Air. Funny thing, air.
Once upon a time, during a practice oral examination for a gas turbine test, I asked a young lad what the diameter of a ball of air that weighed 10lb would be—roughly.
He looked at me like I had just fallen out of a tree and said, “Air doesn’t weigh anything.”
My turn to look askance.
“Suppose,” I asked him, “I drew a square on the sand down at the beach. A square with each side exactly one inch long. What would the air pressure be on that square?”
“15psi,” he said with supreme confidence.
“Correct,” I told him, “So that picture I have drawn is one square inch—what is the weight of air that is sitting on it?”
He was now bemused. He had no idea how to correlate between pressure and weight per area. Pressure is pressure. 15psi--pounds per square inch, at sea level (ISA SL = International Standard Atmosphere at Sea Level) is what you get; there is no way to rationalise between that and weight of air. Weight is a different thing entirely, it seems.
Another thing is humidity.
Humidity is a difficult thing to imagine. People often confuse ‘vapour’ with ‘steam’ but ‘vapour’ is gas whereas ‘steam’ is minute droplets of liquid.
Water vapour is gaseous water that merges with the atmosphere and can make the air ‘wet’. If the air is saturated with water vapour then, when you sweat (or ‘glow’, if you are one of our gentle female colleagues) it just runs off you and will not evaporate into the air around you.
Dry air is more comfortable for humans if you are from a dry part of the World.
To tell if your air is humid, or not, you will need a ‘wet and dry bulb’ thermometer. Then you look up the results on a ‘Relative Humidity Table’ (Appendix ‘C’, page 170, “A Simple Guide To Understanding Jet Engines”).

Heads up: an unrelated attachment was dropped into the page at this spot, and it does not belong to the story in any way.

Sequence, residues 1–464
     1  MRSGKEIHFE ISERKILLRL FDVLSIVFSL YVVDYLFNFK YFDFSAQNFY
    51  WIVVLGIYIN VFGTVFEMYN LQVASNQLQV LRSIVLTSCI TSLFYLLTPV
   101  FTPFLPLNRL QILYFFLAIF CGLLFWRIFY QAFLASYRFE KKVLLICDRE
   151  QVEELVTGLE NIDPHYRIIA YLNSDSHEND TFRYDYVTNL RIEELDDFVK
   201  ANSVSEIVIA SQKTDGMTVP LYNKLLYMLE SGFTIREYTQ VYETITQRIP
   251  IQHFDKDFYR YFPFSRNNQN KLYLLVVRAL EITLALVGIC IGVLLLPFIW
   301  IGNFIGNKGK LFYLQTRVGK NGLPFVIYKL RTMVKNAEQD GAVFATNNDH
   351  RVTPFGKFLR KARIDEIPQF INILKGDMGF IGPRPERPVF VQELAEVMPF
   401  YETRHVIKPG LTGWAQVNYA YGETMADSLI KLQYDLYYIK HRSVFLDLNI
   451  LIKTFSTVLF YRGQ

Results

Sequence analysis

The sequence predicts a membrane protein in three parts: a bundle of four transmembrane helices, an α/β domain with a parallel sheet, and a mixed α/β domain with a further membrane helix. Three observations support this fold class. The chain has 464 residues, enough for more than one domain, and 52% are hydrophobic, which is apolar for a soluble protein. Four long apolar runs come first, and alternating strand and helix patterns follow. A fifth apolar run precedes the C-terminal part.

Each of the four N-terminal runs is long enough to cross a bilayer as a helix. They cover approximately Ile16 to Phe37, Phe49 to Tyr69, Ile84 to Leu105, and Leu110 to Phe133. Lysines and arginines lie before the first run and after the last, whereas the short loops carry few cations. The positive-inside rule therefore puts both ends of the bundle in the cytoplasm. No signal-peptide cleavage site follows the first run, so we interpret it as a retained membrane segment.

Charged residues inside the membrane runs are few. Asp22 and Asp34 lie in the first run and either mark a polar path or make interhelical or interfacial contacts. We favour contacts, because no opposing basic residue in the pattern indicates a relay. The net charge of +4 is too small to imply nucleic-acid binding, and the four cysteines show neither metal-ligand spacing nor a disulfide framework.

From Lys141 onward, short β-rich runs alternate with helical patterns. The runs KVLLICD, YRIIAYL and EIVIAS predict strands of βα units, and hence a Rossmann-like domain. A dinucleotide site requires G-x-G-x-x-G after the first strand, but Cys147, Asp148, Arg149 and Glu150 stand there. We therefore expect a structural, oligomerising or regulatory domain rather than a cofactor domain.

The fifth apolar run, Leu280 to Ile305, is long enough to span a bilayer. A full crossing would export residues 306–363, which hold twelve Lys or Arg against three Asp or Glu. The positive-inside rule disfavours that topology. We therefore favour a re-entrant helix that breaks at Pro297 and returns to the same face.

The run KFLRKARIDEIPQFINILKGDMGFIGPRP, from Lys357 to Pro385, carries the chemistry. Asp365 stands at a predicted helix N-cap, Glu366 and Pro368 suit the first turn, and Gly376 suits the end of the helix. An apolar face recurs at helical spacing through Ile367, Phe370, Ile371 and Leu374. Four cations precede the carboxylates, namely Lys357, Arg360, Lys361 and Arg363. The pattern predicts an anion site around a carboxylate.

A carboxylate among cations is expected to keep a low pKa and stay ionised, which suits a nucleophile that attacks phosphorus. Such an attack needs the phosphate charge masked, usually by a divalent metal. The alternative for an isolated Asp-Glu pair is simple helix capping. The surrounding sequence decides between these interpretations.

Mason's Psychrometer (Wet & Dry Bulb Thermometer)
RH (Relative Humidity) Table
Or a cold drink.
If you take a wonderfully cold drink of fresh, pure water that is slightly alkaline and, therefore, very good for you, pop a couple of ice cubes in it and sit the glass on the table. You will notice that there is condensation on the side of the glass. Or not.
In Yemen, where it is very, very humid, you will observe water running off the glass and then off the table rather in the manner that a tap will release water.
In Malaysia where it is less humid you will get a steady drip… drip… of water.
In West Africa where the air coming off the Sahara Desert is extremely dry there will be no condensation because the water is immediately evaporated off into the dry air. It will also be very dry in Antarctica but there the whole drink will turn to ice in a flash so it is hard to tell.
‘Do It Yourself’ humidity kit!
Another little thing is that irritating pressure problem we were talking about at the start.
The higher you go the less the air pressure around you is. Why? Because gravity is pulling the air down towards the surface of the Earth. The higher you go the less air is sitting above you to push down. Less weight above you—less pounds per square inch (in old money and I’m very old!).
Air Pressure (at International Standard Atmosphere) v. Altitude
Just recently I was flying back from Mauritania in West Africa to my home in Malaysia via Paris. At CDG (Charles de Gaulle) airport there was a change of aeroplane from the Airbus A330 of Air France to an Airbus A380 of SQ (Singapore Airlines).
The A380 cruised, eventually, at 40,000’ above sea level. That is high. Very high.
Just as we approached Singapore I put my plastic bottle of water on the armrest. The bottle was almost empty but I left a little to drink before disembarking.
When the aircraft sank to just below 10,000’ I took a photo of it.
Plastic Water Bottle After 30,000'+ Descent
Just goes to show what a difference 31,000’+ makes and remember—the pressure difference outside will be much greater, this is cabin pressure only.
Just a few things to think about when we say, “Just going out for a breath of fresh air…”